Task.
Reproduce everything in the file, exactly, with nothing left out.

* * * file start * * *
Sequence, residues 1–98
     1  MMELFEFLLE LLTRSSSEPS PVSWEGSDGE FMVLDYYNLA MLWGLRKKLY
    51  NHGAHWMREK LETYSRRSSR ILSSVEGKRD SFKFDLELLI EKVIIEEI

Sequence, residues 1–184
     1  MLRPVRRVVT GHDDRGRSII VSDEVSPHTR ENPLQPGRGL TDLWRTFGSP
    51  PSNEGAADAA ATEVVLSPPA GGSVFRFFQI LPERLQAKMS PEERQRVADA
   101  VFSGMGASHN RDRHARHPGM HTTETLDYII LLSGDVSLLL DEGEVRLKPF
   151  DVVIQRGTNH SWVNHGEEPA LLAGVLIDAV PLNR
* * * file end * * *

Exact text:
Sequence, residues 1–98
     1  MMELFEFLLE LLTRSSSEPS PVSWEGSDGE FMVLDYYNLA MLWGLRKKLY
    51  NHGAHWMREK LETYSRRSSR ILSSVEGKRD SFKFDLELLI EKVIIEEI

Sequence, residues 1–184
     1  MLRPVRRVVT GHDDRGRSII VSDEVSPHTR ENPLQPGRGL TDLWRTFGSP
    51  PSNEGAADAA ATEVVLSPPA GGSVFRFFQI LPERLQAKMS PEERQRVADA
   101  VFSGMGASHN RDRHARHPGM HTTETLDYII LLSGDVSLLL DEGEVRLKPF
   151  DVVIQRGTNH SWVNHGEEPA LLAGVLIDAV PLNR